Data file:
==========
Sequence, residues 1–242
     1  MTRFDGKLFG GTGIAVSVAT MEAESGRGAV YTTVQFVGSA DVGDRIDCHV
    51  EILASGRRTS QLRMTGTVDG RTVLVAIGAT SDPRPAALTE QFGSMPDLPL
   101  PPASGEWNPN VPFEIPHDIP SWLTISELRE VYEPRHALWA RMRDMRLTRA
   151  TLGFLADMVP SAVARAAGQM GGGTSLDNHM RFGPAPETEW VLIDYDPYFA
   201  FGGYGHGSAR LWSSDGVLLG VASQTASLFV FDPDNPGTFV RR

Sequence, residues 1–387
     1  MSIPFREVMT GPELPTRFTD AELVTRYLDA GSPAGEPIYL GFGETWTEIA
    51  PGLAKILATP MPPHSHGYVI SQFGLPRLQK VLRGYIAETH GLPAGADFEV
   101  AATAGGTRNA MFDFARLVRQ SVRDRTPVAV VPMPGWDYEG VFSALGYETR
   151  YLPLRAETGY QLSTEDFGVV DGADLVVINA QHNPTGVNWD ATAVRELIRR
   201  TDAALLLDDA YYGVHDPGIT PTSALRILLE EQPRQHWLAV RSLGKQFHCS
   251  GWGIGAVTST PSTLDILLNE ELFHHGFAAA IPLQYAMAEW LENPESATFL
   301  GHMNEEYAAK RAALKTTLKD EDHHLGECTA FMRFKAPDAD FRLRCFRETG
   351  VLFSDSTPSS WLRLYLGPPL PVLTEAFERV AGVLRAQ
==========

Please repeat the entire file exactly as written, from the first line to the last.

Sequence, residues 1–242
     1  MTRFDGKLFG GTGIAVSVAT MEAESGRGAV YTTVQFVGSA DVGDRIDCHV
    51  EILASGRRTS QLRMTGTVDG RTVLVAIGAT SDPRPAALTE QFGSMPDLPL
   101  PPASGEWNPN VPFEIPHDIP SWLTISELRE VYEPRHALWA RMRDMRLTRA
   151  TLGFLADMVP SAVARAAGQM GGGTSLDNHM RFGPAPETEW VLIDYDPYFA
   201  FGGYGHGSAR LWSSDGVLLG VASQTASLFV FDPDNPGTFV RR

Sequence, residues 1–387
     1  MSIPFREVMT GPELPTRFTD AELVTRYLDA GSPAGEPIYL GFGETWTEIA
    51  PGLAKILATP MPPHSHGYVI SQFGLPRLQK VLRGYIAETH GLPAGADFEV
   101  AATAGGTRNA MFDFARLVRQ SVRDRTPVAV VPMPGWDYEG VFSALGYETR
   151  YLPLRAETGY QLSTEDFGVV DGADLVVINA QHNPTGVNWD ATAVRELIRR
   201  TDAALLLDDA YYGVHDPGIT PTSALRILLE EQPRQHWLAV RSLGKQFHCS
   251  GWGIGAVTST PSTLDILLNE ELFHHGFAAA IPLQYAMAEW LENPESATFL
   301  GHMNEEYAAK RAALKTTLKD EDHHLGECTA FMRFKAPDAD FRLRCFRETG
   351  VLFSDSTPSS WLRLYLGPPL PVLTEAFERV AGVLRAQ